Skrýmir stretched out his hand and took up the glove, and at once Thor saw that it was what they had taken for a hall during the night, and as for the side-chamber, it was the thumb of the glove.

“Will you allow me to accompany you?” Skrýmir asked.

Thor assented.

Skrýmir took up and unloosened his provisions and made ready to eat his morning meal, and Thor and his fellows did the same in another place.

“I proposed that we lay our supplies of food together,” said Skrýmir.

Again Thor assented.

Skrýmir bound all the food in one bag and laid it on his own back. He went before them during the day, stepping with very great strides. Late in the evening, Skrýmir found them a place to camp under a great oak.

“I will lay him down to sleep,” said Skrýmir. “Take the provision bag and make ready your supper.”

Skrýmir fell asleep and began to snore hard. Thor took the provision bag and set about to untie it. He couldn’t loosen the knot or even stir a thong end so as to be looser than before. When he saw that his work was to no avail, he became angry, gripped his hammer Mjöllnir in both hands, strode with great strides to the place where Skrýmir lay, and smote him in the head. Skrýmir awoke.

“Did a leaf had fall upon head?” he asked. “Have you eaten and are you ready for bed?”

“We were just then about to go to sleep,” Thor replied.

They went under another oak, but even Thor was not able to sleep fearlessly. At midnight he heard how Skrýmir snored and slept fast, and how it thundered in the woods. He stood up and went to the giant, shook his hammer eagerly and hard, and struck the middle of his enormous forehead. The head of the hammer sank deep into the giant’s head.

“What now?” Skrýmir asked, awakening. “Did an acorn fall on my head? What is it, Thor?”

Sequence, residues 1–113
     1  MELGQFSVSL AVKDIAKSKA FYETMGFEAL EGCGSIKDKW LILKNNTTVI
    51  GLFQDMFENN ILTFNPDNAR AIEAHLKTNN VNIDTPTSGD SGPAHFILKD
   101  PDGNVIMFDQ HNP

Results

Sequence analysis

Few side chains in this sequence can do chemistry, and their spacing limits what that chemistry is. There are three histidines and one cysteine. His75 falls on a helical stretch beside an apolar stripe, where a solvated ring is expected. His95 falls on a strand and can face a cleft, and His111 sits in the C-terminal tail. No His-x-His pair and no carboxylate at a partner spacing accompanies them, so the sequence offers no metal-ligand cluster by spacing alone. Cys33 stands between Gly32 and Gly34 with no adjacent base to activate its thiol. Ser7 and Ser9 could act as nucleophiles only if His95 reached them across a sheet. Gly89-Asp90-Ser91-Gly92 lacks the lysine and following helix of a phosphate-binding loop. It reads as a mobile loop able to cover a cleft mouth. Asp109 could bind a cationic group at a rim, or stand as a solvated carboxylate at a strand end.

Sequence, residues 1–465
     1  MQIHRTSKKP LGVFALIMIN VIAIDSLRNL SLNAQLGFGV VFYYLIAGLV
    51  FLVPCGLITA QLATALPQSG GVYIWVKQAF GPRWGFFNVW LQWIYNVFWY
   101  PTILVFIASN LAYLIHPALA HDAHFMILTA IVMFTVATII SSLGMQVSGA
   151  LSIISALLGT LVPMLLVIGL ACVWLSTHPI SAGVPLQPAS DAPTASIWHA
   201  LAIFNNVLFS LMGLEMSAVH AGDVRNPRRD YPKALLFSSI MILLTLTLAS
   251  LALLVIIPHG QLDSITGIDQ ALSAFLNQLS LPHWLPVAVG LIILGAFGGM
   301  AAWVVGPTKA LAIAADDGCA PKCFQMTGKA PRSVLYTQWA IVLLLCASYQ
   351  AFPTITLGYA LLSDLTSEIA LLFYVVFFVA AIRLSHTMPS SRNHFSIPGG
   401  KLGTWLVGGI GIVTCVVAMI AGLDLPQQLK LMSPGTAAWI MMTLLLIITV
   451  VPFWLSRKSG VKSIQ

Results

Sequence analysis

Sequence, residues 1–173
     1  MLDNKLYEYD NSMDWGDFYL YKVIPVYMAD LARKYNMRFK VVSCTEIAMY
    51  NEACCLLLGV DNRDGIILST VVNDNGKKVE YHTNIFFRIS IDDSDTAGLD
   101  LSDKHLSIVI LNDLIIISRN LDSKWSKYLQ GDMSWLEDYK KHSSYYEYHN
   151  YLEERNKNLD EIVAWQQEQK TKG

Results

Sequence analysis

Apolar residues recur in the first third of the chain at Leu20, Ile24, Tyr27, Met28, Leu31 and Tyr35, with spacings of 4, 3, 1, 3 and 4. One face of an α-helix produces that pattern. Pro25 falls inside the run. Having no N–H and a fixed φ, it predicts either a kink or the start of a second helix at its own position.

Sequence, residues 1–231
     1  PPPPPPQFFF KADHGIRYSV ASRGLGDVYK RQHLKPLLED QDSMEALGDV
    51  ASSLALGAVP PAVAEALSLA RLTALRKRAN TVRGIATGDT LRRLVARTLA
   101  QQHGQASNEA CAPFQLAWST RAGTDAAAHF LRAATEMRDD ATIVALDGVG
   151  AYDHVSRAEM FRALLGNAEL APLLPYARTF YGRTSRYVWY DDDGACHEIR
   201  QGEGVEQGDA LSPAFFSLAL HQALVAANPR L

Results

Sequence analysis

Thor retreated quickly.

“I have just awakened,” he replied. “It is midnight, and there is still time to sleep.”

Thor debated whether he should give Skrýmir a third blow, in hopes that the giant would never see himself again. The god lay and waited for Skrýmir to sleep soundly once more. A little before dawn, Thor perceived that Skrýmir must have fallen asleep. He stood up at once, rushed over to the giant, swung his hammer with all his strength, and struck the one of the giant’s temples that was turned up. Skrýmir sat up and stroked his cheek.

“Some birds must be sitting in the tree above me,” he said. “I imagined, when I awoke, that some dirt from the twigs fell upon my head. Are you awake, Thor? It’s time to rise and cloth ourselves. It’s no long journey forward to the castle Útgard. I’ve heard you whisper among yourselves that I am no little man in stature. You will see taller men than I if you come to Útgard. Let me give you some good advice: do not conduct yourselves boastfully, for the henchmen of Útgarda-Loki will not endure big words from such swaddling babes as you. Otherwise, turn back, and I think it would be better for you to do that. But if you do go forward, then turn to the east. As for me, I must go north into the hills that you now see.”

Skrýmir took the provision bag, cast it on his back, turned from them, and strode off through the forest, and the Æsir did not wish him god speed.

Thor went forward on his way with his fellows, and they went onward till midday. They saw a castle standing on a plain, and their necks touched their backs before they could see over it. They went to the castle. There was a grating in front of the castle gate, and it was closed. Thor went up to the grating, but could not succeed in opening it. Instead, to make their way in, they crept between the bars. They saw a great hall and went toward it. The door was open, and they went in, and saw many men sitting on two benches, and most of them were gigantic. They came before the king Útgarda-Loki and saluted him. He looked at them in his own good time, and smiled scornfully over his teeth.